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All the Times Emma Portner and Ellen Page Proved They're #CoupleGoals

Screenshot via Instagram

Earlier this week, choreographic cool girl Emma Portner and actor/actually-very-good dancer Ellen Page warmed our (literally) icy hearts by announcing their marriage:


We couldn't be happier for the two creative powerhouses, who have demonstrated the true meaning of #CoupleGoals many times over:

1. When we realized that Page has just as much of a talent crush as we do.


2. When their first (adorable) collaboration included acoustic Britney Spears (because of course it did).


3. When we got to see Page dance for the first time—and she was amazing.


4. When the duo expanded their 90s acoustic cover series to include the Backstreet Boys.


5. When they celebrated the holidays in the most EP2 (yes, we've coined it) way.


6. When they made us ugly cry with their "You Don't Live Here Anymore" duet.


7. And finally, when they supported each other's work, over and over again.

The Conversation
James Whiteside (Jayme Thornton for Dance Magazine)

Say you're perpetually impeccable designer Thom Browne. Say you're planning your Spring 2020 Paris menswear show along a "Versailles country club" theme. Say you want a world-class danseur to open the show with some kind of appropriately fabulous choreography.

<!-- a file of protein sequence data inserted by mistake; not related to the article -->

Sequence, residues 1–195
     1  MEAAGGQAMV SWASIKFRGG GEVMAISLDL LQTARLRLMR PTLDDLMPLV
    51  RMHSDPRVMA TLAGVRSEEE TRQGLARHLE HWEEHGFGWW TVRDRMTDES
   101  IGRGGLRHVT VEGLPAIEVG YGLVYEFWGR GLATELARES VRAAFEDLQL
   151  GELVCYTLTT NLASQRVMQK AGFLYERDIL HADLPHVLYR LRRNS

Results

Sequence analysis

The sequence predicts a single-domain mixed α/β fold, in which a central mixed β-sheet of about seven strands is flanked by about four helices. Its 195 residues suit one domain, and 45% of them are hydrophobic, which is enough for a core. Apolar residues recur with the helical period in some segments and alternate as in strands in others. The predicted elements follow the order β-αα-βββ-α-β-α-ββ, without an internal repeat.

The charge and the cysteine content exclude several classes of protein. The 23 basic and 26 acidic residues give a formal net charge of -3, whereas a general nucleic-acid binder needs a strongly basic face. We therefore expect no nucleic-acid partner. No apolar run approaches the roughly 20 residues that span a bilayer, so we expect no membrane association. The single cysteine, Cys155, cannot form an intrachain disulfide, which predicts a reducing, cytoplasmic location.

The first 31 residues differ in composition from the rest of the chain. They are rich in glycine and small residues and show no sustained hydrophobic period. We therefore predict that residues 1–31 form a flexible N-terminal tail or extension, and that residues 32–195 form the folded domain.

Who do you call? James Whiteside, of course. On Saturday, the American Ballet Theatre principal—wearing pointe shoes and a glorious pinstriped tutu—kicked off Browne's presentation at the École des Beaux-Arts with a 15-minute, show-stealing solo. Whiteside choreographed the piece himself, with the help of detailed notes from the designer.

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Health & Body
Getty Images

I'd been a professional dancer for five years when I realized the pain I'd been feeling in my hip and down my sciatic nerve was not going away. I had been treating it for two years as we dancers do—with regular visits to my masseuse, physical therapy, baths, ice and lots of Aleve—but I never stopped dancing. It finally dawned on me that if I kept going at the speed I was going (which was, well, speedy), the pain would only get more severe and unrelenting, and I might never dance again.

I told myself I'd take two months off, and all would be better.

That first morning when I woke up at 10 am, I had no idea what to do with myself. My life until that moment had been dictated by class and rehearsal, every hour accounted for. How should I fill the huge swath of time ahead of me?

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